Strings The Thing in Penticton at Shatford Centre

By Kristi Patton – Penticton Western News

Music is helping bridge the gap between the young and old at the Strings The Thing summer camp at the Shatford Centre in Penticton.

The program features chamber music with trios, quartets, orchestra sessions and individual coaching sessions or lessons. The camp, which runs from July 9 to 13, is unique in that it attracts a strong component of adult students as well as younger students from ages six and up.


“It’s very interesting,” said instructor Calvin Dyck. “Initially there sometimes is a bit of shyness with the younger people, but really you are dealing with music and it brings people together in a very unique way. It is a very cool thing. In the chamber groups we match them up by grade level so you may have a 14-year-old boy and a retired cellist who is 65 and two women who are in their mid-thirties all playing music together.”


Dyck is a producer, entertainer, conductor, promoter and touring artist. The annual summer camp has become a tradition for him as an opportunity to not only teach, but enjoy a vacation in the Okanagan. He said with a 35 per cent increase in enrollment this year over last, Dyck suspects the camp has also been noticed by others as a chance to get some vacation time in while studying music.


“We have moms who gave up playing for awhile and are getting back into it. We have a couple of medical doctors and this is their holiday, combining playing their stringed instrument with coming to the Okanagan. I know one person from Fraser Valley is bringing the family up, and she is doing the camp all day, then back with the family for the rest of the day for holiday activities,” said Dyck.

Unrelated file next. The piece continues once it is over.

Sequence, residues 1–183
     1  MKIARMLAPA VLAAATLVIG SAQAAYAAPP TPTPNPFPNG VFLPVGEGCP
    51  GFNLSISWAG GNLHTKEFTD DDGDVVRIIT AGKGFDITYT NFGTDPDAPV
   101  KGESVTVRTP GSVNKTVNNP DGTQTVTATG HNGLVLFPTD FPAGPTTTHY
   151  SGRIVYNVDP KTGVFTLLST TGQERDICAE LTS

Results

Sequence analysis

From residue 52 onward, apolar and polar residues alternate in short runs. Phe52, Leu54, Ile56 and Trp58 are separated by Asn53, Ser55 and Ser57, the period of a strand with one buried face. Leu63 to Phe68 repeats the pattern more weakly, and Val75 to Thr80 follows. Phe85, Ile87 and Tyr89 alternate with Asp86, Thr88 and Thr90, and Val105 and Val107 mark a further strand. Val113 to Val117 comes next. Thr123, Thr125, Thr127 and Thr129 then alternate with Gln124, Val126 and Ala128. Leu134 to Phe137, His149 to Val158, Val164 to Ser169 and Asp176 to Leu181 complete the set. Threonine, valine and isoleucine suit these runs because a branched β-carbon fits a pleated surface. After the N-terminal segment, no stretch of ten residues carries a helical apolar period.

The camp draws students from Washington, Alberta, the Lower Mainland, Kelowna and Penticton. Instructors bring a wealth of international experience having studied in Europe, the United States and performed around the world. Joel Stobbe, educated in Europe, is currently one of Canada’s most sought after cello instructors. John Suderman has earned the prestige of training some of Canada’s elite musicians.


International violinist and instructor Elizabeth Lupton is a driving force for music in Penticton and her vision drives the successful camp. Rosemary Thompson, music director of the Okanagan Symphony, is adding her wealth of conducting experience and innovative programming to the Strings The Thing program this year. As well, local composer Jeremy Hiebert will be working with the students to help them come up with a new piece that will be premiered at the free student concert on July 13 at 1 p.m. at the Shatford Centre.

“Our idea is to do some classic material but also make it really entertaining, so we have a combination of pieces,” said Dyck.

For more information on the program visit

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